As the most plentiful biological macromolecules in the world, biomass celluloses (mainly from cellulose acetate, ethyl cellulose, methyl cellulose etc) are excellent precursors of CNFs due to their stability and basic properties [10]. Natural  d abundance and their low prices, despite possessing unique features such as wide surfaces and the high carbon content make CNFs highly desirable in recent years [11]. Cellulose contains carbon, hydrogen, and oxygen elements and primarily releases carbon dioxide and water by its carbonization. Cellulose has no seeming melting point and preserves its physical morphology following effective carbonization[9]. Compared to cellulose, nanofibers and films contain cellulose acetate are far more simple to electrospin because cellulose acetate solubility relies on how much the acetate group is substituted[12]. Cellulose is however a macromolecular polysaccharide, a significant number of cellulose structured oxygen atoms have strongly been autoxidised, and thermal instability is caused by these atoms. This thermal instability contributes to the breakdown of morphology when carbonized[10]. Lignin is the second richest bio-oriented polymer. In large amounts, it is obtained as a co-product from the wood, paper and bioethanol industries[13]. Because of its many aromatic subunits, lignin is a rich source of carbon precursor [14][15]. Electrospun lignin-based CNFs have a large surface, excellent graphitic and pore structures and are highly stable against corrosive environments [16]. The structural units in lignin are nevertheless non-linear and randomly linked with various C-C and Ether bonds which together lead to low flexibility of the lignin polymer[17]. Clean lignin materials are thus relatively delicate and cannot easily be handled. Besides, it is possible to drastically reduce its tensile strength by arbitrarily scattered aliphatic chains separating aromatic units in lignin and module during thermal treatment[18]. Another serious issue with the batch reproducibility of lignin-derived CNFs is the variety of lignin biopolymers [18]. However, to create healthy fibers, lignin may be combined with plasticizers [19][20][15].

CNFs are a recent research area, focused on growth in energy storage systems based on CNFs from biomass. The lignin/cellulose mix is a growing need to examine the analysis. To our knowledge, only a few papers have been written about electrospun lignin/cellulose nanofibers in energy storageInterestingly, the few studies show that lignin-based supercapacitors can be an exotic area of research interests based on carbon-biomass precursors in the field of supercapacitors. Furthermore, lignin and cellulose are green and durable and their extraction methods are simple, cost-effective and environmentally friendly. This new field must therefore be investigated very clearly. A lot of reviews have been published on electrospun lignin and nanofibers. On both lignin and cellulose nanofibers, very little systemic reporting is available. No review has been published of electro-punished nanofibers from this rich combination of biomass materials.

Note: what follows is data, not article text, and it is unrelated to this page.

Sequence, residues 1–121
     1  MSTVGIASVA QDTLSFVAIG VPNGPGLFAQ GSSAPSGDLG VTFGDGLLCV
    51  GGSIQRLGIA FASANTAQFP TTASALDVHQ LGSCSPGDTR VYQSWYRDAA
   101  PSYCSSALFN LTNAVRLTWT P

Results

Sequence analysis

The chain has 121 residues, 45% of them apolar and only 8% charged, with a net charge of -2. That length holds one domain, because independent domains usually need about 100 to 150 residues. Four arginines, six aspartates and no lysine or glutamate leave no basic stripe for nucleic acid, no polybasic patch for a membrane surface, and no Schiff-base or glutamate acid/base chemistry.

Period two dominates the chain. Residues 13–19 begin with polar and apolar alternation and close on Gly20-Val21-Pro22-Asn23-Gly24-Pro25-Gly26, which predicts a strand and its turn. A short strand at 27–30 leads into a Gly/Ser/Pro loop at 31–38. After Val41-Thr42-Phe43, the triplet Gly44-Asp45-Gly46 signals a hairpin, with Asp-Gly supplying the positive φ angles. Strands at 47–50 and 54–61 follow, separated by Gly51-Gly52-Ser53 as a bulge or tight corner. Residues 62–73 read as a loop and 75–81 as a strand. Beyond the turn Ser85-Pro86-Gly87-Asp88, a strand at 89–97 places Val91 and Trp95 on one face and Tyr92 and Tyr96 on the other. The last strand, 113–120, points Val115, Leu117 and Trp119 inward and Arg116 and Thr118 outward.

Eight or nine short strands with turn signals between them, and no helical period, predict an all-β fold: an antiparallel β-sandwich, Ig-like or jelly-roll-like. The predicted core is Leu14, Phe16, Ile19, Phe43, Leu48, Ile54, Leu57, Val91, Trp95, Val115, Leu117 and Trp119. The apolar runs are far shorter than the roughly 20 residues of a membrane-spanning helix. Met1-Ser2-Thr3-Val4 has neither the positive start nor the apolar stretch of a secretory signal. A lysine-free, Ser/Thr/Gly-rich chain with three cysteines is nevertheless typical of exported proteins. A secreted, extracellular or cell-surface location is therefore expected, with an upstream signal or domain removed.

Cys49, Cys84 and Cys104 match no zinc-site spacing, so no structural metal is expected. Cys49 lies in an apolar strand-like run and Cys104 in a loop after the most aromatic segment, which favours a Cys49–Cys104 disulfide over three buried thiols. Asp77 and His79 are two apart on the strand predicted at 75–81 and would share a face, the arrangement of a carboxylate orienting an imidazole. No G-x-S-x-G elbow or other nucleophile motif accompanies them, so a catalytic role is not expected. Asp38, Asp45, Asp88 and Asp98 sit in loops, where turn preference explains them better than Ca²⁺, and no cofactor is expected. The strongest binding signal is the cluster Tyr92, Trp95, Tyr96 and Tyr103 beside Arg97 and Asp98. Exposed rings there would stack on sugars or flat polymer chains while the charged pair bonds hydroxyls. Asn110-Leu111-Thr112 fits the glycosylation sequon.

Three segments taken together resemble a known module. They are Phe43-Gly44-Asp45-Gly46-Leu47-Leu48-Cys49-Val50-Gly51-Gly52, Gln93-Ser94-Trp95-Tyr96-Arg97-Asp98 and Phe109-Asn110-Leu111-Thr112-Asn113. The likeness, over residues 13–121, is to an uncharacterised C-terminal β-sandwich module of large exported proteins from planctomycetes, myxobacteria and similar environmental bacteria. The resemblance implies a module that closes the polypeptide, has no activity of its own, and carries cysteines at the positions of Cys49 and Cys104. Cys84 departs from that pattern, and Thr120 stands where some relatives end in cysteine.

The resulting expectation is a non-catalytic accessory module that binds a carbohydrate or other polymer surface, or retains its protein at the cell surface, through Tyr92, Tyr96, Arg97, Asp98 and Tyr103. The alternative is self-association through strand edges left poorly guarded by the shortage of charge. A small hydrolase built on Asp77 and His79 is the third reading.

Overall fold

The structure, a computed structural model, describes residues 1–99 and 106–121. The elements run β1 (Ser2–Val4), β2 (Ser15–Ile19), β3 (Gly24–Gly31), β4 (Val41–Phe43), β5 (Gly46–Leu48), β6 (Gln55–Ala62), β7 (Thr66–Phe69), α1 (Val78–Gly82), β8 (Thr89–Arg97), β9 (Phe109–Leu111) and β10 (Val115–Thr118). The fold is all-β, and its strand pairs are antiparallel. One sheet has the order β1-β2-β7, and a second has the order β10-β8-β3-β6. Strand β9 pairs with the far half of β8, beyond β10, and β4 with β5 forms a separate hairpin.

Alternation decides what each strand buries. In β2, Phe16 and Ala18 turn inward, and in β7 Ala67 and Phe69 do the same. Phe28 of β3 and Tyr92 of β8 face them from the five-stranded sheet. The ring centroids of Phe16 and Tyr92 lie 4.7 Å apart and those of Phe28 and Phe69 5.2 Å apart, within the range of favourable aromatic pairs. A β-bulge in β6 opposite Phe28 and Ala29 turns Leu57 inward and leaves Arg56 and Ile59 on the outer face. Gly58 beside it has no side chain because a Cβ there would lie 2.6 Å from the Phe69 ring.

2. Studies on Electrospun Lignin and Cellulose Nanofibers

2.1. Electrospinning technique

Electrospinning is a lightweight nanofabrication technique based on repulsive electrostatic forces to produce a nanofibrous viscoelastic solution. Although several modern electrospinning systems developments exist, each configuration is based on three basic components: high voltage source, viscoelastic solution dispense mode and a fibre-recovery system[21]. Electrospinning variables may generally be grouped into three parameters: solution parameters (e.g. viscosity, surface tension, etc.), control parameters (e.g. flow rate, electric field, etc.) and environmental parameters (e.g. relative humidity, temperature etc), [21][22]. When an electric field is present in a liquid droplet, an electrostatic charge is deposited at the tip of the droplet[23]. The electrostatic force generated by the charge droplets withstands the surface tension at the end of the needle at high sufficiently high pressure; thus the Taylor cone formation, which releases the jet by the spinneret if the coulombic force is above surface tension[24]. The fibre diameter is dependent on the formation of Taylor's cone. It is associated with different experimental variables including the quality of the solvent and the viscosity of the suspension; injection speed, needle-collector distance and the voltage applied.

2.2. Studies on Electrospun Cellulose Nanofibers

The most prevalent natural macromolecule and the main component of the biomass in lignocellulose is cellulose.  Its carbon content is roughly 44%, it is highly stable and porous, due to its hierarchical structure and highly functional linear rigid chains[25][26].  The first commercial carbon fibres were made in the late 60s (a cloth made of cellulose) [27]. Cellulose nanofibers are made from various cellulose derivates such as cellulose acetate (CA) and ethyl cellulose (EC)[9] because they cannot dissolve in certain organic solvents. [8]